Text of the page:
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 Dear Patients,

I dedicate this website to you.  I cannot share your private information, but I can share how you have brought joy and meaning to me and so many members of your care teams.

You have shared your laughter and tears, your joy and vulnerability.  You have shared your gratitude.  Though my web design team (me) will take some time to get this done, I aim to make this section about the joy, gratitude, and vulnerability of patient care.  Eventually maybe some photographs will make the page, but for now I will simply note some of my fondest memories with you.

I firmly believe that our stories mend us together, and I am so grateful to have a little of each of your fabric woven into my life.

Sincerely,

Jill Clark

- One of my patients from Utah still sends me holiday cards in the mail every year in Washington.

- One of my Washington patient's son hand-made an extraordinary wind chime for me.

- One of my Utah patients (and I think you know who you are) looks like Florence Welch, and I'm still suspicious that you came to see me more often than you needed to, just to check on me.

- Similarly, one of my Wyoming patients always alleged to be coming in for a check up . . . but she always brought doughnuts and warm hugs!!

- I promised one of my embarrassed Utah patients that I am very forgetful and that I would definitely forget her right after meeting her.  Then I did forget!  A few weeks later at a local fitness expo, I heard, "Dr. Clark, Dr. Clark" from across the convention center.  "You DID forget me!" she exclaimed.  "I want you to meet my husband."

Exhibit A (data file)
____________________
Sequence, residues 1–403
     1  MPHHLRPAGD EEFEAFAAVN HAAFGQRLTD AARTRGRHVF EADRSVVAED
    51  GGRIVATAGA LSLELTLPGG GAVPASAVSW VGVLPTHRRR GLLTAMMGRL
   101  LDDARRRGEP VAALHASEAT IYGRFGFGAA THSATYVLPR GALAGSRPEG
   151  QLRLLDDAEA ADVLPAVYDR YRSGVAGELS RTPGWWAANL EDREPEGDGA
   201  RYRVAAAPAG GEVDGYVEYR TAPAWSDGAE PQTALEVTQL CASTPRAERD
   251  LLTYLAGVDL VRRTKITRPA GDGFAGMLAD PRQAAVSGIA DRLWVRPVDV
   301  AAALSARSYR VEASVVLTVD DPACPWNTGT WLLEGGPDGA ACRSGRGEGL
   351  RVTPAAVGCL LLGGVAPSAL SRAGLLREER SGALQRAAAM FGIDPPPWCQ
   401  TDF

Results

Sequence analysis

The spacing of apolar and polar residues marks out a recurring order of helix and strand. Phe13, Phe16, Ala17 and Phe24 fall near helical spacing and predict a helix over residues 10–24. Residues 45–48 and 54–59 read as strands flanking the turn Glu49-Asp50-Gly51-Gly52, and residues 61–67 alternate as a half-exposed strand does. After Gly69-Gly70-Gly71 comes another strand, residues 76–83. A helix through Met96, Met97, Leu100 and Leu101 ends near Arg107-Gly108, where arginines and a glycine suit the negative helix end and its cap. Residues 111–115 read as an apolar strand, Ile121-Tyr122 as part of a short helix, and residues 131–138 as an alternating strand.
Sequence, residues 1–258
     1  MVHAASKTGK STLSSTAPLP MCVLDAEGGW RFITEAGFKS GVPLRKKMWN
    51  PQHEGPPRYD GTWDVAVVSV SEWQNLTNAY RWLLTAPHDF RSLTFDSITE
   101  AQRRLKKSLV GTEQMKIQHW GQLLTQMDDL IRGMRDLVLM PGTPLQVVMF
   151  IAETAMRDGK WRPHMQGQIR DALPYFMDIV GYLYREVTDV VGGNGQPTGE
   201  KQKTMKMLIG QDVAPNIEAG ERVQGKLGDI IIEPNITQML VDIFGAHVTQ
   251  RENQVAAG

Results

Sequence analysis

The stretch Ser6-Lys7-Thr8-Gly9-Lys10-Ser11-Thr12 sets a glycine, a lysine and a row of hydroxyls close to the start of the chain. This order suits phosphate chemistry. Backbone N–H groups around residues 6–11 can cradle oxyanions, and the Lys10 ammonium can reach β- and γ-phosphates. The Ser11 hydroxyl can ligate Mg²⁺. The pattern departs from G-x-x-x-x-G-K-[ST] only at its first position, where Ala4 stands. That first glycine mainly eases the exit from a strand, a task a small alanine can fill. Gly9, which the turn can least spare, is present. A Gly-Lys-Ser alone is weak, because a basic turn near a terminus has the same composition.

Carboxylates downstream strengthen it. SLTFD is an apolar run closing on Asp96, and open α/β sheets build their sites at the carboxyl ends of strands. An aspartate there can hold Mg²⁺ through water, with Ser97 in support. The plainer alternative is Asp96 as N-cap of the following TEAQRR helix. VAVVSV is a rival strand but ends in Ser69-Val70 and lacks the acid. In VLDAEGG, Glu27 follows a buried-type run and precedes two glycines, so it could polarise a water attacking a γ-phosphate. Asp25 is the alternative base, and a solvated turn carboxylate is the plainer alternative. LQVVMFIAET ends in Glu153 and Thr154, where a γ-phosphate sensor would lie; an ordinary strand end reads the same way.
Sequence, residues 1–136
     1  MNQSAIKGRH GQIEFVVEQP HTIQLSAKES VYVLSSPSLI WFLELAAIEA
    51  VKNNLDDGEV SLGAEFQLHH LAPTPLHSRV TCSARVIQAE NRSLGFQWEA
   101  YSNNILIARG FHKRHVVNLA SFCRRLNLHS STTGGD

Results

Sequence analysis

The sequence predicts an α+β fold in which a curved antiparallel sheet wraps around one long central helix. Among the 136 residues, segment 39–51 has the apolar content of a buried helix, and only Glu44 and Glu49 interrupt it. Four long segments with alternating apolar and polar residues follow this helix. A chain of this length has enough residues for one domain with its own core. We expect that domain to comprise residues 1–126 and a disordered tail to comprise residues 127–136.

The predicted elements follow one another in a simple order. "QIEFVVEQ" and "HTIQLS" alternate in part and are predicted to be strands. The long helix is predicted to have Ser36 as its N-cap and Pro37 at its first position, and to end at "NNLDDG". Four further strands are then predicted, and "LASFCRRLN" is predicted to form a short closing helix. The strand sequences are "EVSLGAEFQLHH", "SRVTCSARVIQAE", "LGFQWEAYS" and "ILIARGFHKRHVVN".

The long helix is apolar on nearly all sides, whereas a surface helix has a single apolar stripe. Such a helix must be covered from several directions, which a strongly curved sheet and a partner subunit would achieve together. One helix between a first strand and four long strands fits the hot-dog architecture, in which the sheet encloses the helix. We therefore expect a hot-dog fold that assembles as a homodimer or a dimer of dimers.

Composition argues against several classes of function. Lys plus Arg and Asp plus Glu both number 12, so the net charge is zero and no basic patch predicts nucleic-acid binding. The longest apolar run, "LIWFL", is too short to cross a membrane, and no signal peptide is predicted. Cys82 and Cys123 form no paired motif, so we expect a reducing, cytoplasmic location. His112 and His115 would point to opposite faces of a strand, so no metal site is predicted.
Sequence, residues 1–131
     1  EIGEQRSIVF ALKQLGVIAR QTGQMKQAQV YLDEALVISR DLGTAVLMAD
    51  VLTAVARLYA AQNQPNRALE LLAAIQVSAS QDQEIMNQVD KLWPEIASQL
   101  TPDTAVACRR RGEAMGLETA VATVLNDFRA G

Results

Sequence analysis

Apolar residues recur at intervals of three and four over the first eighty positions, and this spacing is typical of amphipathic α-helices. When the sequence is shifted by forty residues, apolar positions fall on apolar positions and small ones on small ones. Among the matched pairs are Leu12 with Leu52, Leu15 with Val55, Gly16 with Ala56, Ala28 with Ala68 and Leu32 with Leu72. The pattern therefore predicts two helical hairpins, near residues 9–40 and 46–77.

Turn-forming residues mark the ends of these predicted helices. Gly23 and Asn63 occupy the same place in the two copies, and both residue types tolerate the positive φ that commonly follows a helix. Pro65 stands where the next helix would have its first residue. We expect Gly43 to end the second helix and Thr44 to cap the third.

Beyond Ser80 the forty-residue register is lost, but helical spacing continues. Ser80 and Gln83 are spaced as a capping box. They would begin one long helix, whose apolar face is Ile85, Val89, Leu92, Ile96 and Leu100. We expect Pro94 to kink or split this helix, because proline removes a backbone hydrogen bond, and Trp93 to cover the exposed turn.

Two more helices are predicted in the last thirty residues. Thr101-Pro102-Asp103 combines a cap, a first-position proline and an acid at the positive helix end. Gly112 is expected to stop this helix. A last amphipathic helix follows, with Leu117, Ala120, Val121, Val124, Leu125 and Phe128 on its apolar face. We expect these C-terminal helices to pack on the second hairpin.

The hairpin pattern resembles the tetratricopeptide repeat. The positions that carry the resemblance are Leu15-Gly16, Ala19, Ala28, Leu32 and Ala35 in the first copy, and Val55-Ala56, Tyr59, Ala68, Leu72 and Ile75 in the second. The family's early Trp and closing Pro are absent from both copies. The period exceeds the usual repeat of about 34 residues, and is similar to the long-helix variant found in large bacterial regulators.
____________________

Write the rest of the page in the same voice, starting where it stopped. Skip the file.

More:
- Another Utah patient worked at the zoo with the orangutans.  I took out a part of her colon for a tumor.  At her postoperative appointment, she brought me 2 paintings, each original artworks by one of the Hogle Zoo orangutans.  One is called "Colon," and the other is called "Colon Tumor."  One day if she ever finds this, I expect I'll hear about it if I haven't posted photos!

- One of my recent Washington patients had moved to California, but he flew back to Washington for me to be his surgeon.  While I am sure he could have gotten excellent care in California, our initial connection was this meaningful to him.  There are no words for what it means to hold someone's trust like this.

- One of my dearest, longest-time patients named her daughter after me!  

Do you want to see your story here?  I would love to hear from you, and I will enjoy the reminder!

Thanks for submitting!

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